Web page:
The weather has been all over the place lately. This morning is bright and clear, yet cold enough for a frost warning. We can’t seem to catch a break. So I was drawn to this amazing photo by my friend Mike, of a tree that is barely hanging on. It’s been a wet spring and we have all sorts of erosion in our area. It’s tough to undercut a large oak, especially one rooted in Virginia clay. It takes more than one storm, and standing water. So I would wager this grand old tree has weathered way too many storms. I don’t know about you, but there are days, even weeks, when I feel like this tree. I find myself doubting what I’ve always been certain about, no longer confident of what I do know and what I don’t know. Nothing I say or do seems quite right. I’m lost and alone in a foreign land. Yet I haven’t gone anywhere. I’m still in my own home, with my family and friends. It’s easy to lash out at times like these, to blame it on everyone else. You just don’t understand, you don’t get it, leave me alone. But of course, being alone is the last thing I want. Perhaps I have watched too many Hollywood movies, and I expect to be chased down and dramatically snapped out of it. At least in my life, that is usually not the case. I end up alone and feeling worse than ever. I have distanced myself from those who care for me the most, those who can best help and support me in this blue funk. I cannot bear up under my burdens, real or perceived, on my own. When life undercuts my roots, my very core, I can only remain standing if I cling to those I love best. I can only make it through with the help and encouragement of those who know me best. Make time today to ask others to abide with you, to accept comfort in the midst of your pain. Open your heart when it seems easier to clamp it shut, listen when you would rather talk, pray when you would rather turn your back on God. Trust the same Lord that created our entire universe in an instant to abide with you in your time of need, to guide your footsteps and guard your heart. And always remember, no matter how much life undercuts your roots, the Alpha and Omega remains with you, your strong and sure foundation. Text by Connie Chintall ©2013, Photo entitled ‘Barely Hanging On’ by Mike Victorino ©2013, All Rights Reserved. To see more of his work, go to http://mikevictorinophotography.wordpress.com/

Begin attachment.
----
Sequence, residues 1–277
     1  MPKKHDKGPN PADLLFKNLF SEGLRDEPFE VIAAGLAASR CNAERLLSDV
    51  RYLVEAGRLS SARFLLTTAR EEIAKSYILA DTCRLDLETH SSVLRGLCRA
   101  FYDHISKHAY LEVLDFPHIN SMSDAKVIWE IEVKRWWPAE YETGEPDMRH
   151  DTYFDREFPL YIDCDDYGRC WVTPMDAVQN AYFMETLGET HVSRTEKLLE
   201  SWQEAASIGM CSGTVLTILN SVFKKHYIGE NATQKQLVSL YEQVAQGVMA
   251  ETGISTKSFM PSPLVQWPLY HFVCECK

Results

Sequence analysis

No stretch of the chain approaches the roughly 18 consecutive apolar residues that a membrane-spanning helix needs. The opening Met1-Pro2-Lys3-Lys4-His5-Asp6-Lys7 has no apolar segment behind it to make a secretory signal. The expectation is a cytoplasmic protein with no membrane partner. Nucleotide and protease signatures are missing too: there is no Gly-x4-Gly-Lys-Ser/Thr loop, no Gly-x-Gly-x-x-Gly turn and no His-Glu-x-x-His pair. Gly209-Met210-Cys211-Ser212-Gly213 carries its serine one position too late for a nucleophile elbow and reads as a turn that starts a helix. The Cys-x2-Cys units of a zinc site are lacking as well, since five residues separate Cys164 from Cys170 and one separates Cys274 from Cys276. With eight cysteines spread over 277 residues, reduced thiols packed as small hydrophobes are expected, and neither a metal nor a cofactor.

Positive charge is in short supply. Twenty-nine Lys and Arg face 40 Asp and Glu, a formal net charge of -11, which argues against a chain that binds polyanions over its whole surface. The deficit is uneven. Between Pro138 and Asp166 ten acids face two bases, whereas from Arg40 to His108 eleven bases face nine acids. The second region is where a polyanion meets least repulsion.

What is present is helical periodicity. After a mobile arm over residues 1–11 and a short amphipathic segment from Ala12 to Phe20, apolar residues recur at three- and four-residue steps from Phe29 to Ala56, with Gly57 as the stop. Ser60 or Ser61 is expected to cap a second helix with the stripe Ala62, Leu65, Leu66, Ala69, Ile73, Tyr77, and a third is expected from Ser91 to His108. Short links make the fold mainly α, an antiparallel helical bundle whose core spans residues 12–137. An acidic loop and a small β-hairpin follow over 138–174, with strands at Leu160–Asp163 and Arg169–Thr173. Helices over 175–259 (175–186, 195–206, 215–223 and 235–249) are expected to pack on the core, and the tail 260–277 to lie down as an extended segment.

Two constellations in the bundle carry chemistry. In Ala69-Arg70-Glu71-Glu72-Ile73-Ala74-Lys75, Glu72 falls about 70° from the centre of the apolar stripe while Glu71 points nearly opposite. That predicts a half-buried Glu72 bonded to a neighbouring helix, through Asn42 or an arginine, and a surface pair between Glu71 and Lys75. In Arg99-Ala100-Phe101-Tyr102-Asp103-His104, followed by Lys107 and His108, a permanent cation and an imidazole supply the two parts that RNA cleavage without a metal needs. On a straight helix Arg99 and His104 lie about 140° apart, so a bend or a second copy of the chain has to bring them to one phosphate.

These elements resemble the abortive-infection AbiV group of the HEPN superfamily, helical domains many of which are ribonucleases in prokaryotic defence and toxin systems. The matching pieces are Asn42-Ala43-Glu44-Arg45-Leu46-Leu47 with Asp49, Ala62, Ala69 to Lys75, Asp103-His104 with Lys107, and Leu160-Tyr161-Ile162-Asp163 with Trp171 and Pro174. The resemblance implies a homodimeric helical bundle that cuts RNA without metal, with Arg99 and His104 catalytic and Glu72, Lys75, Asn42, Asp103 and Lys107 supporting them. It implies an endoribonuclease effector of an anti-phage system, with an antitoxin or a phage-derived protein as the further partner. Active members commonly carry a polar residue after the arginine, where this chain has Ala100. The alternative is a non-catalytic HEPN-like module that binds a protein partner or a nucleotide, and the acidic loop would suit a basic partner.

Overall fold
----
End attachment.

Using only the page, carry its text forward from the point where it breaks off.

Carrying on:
Reflecting on Growth….

I spent most of last morning walking around our yard. We have an acre of oaks, and six of our ancient trees need to be felled. Yet what we see above the ground represents far less of the tree than what exists below the ground. So I was drawn to this photo of tree roots, taken by my friend Cecilia on one of their family hikes. I was struck by how the roots branch out so quickly and in such straight lines. This system of roots creates an extremely strong foundation for the trunk. The weight of the tree is distributed, so each of the roots shares the load. While the tree’s branches gently curve to offer the leaves the most sun, these roots go straight for the water and nutrients found in the soil. Even when the leaves fall, the roots silently continue their work. We often talk about times in our lives when we were challenged and stretched beyond our limits. These stressful intervals are described as periods of growth and learning. Yet I wonder if the true growth happens afterward. When we are overwhelmed, it is often difficult to understand what we are going through, let alone what it means to us. We simply put one foot in front of the other, and do what we need to do. What appears to be heroic or honorable behavior to others is simply a response to a heartfelt need, an almost instinctive action born out of love and firm commitment. Only afterwards do we understand how that time has changed us, molded us. During periods of quiet reflection and rest, we come to understand who we are now, and what really happened to us. As we integrate that experience into our current situation, a new normal emerges, stronger and wiser than our lives before the crisis. Take time today to reflect on past challenges, and understand how that experience is woven into the fabric of your daily life. Offer to help a loved one weathering a storm, to make their current situation a little less overwhelming. And remember, like those ancient oaks, that the roots are always there, continuing their work, no matter how barren the tree may appear. Photo by Cecilia Carr